Newspaper article St Louis Post-Dispatch (MO)
Antonin Scalia for President
If anyone wants a textbook example of the wrong way to run a presidential campaign, Sen. Bob Dole has left a rich legacy of examples of what to avoid. The question is whether the Republican party has now learned its lessons and can come up with better candidates and a better campaign next time.
If this were just a narrow partisan issue, those of us who are neither Democrats nor Republicans would not have to care, one way or the other. However, the inescapable fact is that the Democrats are the only po litically viable alternative to the Republicans and the Democratic Party is hopelessly tied to policies that have produced disaster - the welfare state, racial quotas, mushy notions about criminals, hostility toward the free market and support for the counter-culture.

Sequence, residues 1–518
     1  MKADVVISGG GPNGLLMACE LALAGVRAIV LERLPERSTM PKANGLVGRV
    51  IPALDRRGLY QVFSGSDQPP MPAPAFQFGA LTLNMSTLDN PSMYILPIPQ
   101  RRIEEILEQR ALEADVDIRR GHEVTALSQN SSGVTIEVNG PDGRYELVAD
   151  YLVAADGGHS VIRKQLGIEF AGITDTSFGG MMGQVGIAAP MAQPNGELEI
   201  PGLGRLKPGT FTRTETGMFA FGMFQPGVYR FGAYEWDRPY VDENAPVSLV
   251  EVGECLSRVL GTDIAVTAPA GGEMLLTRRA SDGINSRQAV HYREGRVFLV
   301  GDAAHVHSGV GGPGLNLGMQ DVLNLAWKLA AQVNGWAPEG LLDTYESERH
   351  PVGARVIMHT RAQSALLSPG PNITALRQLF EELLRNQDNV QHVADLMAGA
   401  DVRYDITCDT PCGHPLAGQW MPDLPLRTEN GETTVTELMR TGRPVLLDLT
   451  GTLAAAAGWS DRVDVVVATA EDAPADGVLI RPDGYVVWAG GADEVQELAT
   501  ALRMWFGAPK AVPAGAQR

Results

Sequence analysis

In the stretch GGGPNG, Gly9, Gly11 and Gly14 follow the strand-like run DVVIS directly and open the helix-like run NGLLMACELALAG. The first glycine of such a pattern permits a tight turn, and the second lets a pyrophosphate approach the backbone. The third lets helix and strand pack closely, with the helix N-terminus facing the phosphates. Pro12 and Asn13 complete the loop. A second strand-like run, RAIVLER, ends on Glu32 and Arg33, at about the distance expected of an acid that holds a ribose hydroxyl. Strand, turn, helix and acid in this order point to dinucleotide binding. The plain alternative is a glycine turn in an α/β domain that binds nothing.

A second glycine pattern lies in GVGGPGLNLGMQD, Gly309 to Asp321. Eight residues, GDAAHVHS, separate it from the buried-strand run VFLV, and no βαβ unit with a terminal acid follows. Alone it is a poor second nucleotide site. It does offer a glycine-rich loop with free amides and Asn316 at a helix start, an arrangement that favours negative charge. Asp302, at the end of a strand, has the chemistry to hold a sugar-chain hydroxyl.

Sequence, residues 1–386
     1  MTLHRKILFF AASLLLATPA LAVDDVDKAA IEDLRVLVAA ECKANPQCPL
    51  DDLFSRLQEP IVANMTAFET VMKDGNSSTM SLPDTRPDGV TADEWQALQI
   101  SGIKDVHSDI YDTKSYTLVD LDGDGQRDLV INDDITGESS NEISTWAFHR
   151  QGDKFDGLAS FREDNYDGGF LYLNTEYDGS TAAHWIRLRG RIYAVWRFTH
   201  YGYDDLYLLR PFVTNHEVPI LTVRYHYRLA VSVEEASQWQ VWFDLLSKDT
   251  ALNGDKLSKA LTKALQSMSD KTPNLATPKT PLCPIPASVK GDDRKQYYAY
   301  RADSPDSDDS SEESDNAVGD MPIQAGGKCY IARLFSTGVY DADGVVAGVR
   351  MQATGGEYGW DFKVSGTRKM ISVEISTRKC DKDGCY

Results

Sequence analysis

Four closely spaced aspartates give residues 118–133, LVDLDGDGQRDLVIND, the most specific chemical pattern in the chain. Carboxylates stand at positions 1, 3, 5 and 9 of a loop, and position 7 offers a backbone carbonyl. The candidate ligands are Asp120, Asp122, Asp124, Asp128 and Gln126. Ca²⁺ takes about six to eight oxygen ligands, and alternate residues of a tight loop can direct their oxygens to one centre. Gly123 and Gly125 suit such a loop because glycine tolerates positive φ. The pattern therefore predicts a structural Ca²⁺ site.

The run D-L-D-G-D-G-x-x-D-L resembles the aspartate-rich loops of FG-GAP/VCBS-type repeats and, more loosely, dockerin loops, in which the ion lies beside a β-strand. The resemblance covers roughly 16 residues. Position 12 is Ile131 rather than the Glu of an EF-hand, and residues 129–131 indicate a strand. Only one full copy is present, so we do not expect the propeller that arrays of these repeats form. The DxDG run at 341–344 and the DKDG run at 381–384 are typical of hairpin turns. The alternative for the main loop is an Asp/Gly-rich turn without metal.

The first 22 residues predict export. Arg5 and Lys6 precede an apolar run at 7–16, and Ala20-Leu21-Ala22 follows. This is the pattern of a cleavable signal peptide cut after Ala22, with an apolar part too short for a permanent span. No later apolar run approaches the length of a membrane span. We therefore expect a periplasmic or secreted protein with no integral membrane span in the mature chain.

Republicans may be disorganized and confused, but at least they are not pushing for the agenda of degeneration. What can the Republicans learn from their 1996 self-destruction and how can they hope to do better - for themselves and the country - four years from now? First and foremost, they must learn to talk to the American people and present a coherent case for the things they believe in. They cannot run a gimmick-of-the-month campaign, as Dole did, and talk in cryptic phrases and vague generalities. It is one thing to lose an election because your views and values differ from those of the voting public. But the Republicans have managed to lose when they are more in tune with the public than the Democrats are. The two greatest Republican disasters of the past two years - the budget battle last year and the Dole presidential campaign this year - have both been brought on by their failure to explain themselves to the American people in plain English. Too many Republicans treat English as a second language, with Beltway lingo being their native tongue. Bill Clinton won a resounding victory at the polls because he understood better than the Republicans did that the people believe in the kinds of values that the Republicans have been supporting for years. The president has spent this entire election year being an imitation Republican, beginning with his State of the Union address, in which he proclaimed "the end of the era of big government. …